Date Approved


Embargo Period


Document Type


Degree Name

Ph.D. Doctor of Philosophy




College of Science & Mathematics


Jim A. Haugh, Ph.D.

Committee Member 1

Danielle R. Arigo, Ph.D.

Committee Member 2

Jeffrey M. Greeson, Ph.D.

Committee Member 3

Joanna Petrides, Psy.D.


depression, feasibility, mhealth, mobile apps, primary care


Depression, Mental--Treatment


Clinical Psychology | Psychology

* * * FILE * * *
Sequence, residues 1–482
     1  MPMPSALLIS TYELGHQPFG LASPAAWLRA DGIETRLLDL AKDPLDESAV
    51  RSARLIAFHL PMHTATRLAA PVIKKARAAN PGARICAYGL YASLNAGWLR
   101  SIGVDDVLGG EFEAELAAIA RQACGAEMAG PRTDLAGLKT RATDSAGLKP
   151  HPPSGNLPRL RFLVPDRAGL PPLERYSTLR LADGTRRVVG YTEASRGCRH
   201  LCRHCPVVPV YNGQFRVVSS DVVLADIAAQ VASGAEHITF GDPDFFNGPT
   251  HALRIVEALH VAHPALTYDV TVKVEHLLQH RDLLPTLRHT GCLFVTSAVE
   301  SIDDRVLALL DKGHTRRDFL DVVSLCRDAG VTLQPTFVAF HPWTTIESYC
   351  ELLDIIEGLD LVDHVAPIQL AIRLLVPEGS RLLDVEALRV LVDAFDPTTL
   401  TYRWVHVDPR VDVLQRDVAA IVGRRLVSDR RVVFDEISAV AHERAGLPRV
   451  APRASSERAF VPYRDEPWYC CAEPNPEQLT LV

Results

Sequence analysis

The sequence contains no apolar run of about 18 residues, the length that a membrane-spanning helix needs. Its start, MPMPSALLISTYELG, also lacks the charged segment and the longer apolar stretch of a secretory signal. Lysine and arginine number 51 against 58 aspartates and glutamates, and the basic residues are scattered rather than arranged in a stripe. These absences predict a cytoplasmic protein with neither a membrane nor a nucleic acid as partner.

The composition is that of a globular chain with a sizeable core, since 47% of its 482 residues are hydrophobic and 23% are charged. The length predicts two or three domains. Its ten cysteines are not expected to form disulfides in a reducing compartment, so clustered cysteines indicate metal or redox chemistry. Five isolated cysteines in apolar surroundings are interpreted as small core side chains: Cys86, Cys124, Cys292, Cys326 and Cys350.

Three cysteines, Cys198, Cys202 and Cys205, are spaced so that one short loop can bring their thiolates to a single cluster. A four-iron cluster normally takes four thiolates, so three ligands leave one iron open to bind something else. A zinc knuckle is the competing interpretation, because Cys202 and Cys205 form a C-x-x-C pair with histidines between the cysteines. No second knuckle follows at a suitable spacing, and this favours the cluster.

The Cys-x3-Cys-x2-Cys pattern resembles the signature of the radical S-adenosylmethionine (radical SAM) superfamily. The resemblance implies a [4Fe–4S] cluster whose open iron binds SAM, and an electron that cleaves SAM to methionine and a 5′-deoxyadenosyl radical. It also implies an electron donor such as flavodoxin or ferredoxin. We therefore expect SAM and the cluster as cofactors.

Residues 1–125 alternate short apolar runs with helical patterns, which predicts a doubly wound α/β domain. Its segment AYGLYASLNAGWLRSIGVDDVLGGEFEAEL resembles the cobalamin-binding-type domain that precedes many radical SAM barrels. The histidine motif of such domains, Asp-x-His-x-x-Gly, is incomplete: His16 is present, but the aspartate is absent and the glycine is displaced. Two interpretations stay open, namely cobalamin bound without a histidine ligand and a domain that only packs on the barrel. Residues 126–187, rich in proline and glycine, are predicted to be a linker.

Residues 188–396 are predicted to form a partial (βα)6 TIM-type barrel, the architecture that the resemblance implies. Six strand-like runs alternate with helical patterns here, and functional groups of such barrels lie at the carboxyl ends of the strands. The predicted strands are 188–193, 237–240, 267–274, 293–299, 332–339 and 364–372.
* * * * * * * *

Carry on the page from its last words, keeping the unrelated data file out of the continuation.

The primary aim of this study was to evaluate the feasibility and acceptability of implementing three mobile applications (apps) designed to ameliorate depressive symptoms within primary care. The secondary aim was to examine whether participants utilizing a mobile app would experience reductions in depressive symptoms and improvements in quality of life when compared to a waitlist control condition. Participants (n=3) were recruited from two primary care practices and randomized to: (a) a cognitive-behavioral app, (b) a mindfulness app, (c) a social problem-solving app, or (d) the waitlist control condition. Participants completed measures of depressive symptoms and quality of life at baseline, post-treatment, and a one-month follow-up. Results indicated recruitment was most challenging as we enrolled only three out of the thirty-five patients approached. On the other hand, retention was high across the study duration and two of three participants experienced a reduction of depressive symptoms at post-intervention. Additionally, each participant reported improvements in certain areas of quality of life, such as energy level, fatigue, and emotional well-being at post-intervention. Together, results highlight the importance of establishing and maintaining collaboration with primary care staff. Future research might focus on aspects of feasibility such as patient flow, provider-time demands, and comfortability with mobile apps.